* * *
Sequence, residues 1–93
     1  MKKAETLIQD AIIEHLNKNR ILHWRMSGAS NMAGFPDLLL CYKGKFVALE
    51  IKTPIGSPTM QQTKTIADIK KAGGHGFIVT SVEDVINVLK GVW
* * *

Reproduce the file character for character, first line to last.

Sequence, residues 1–93
     1  MKKAETLIQD AIIEHLNKNR ILHWRMSGAS NMAGFPDLLL CYKGKFVALE
    51  IKTPIGSPTM QQTKTIADIK KAGGHGFIVT SVEDVINVLK GVW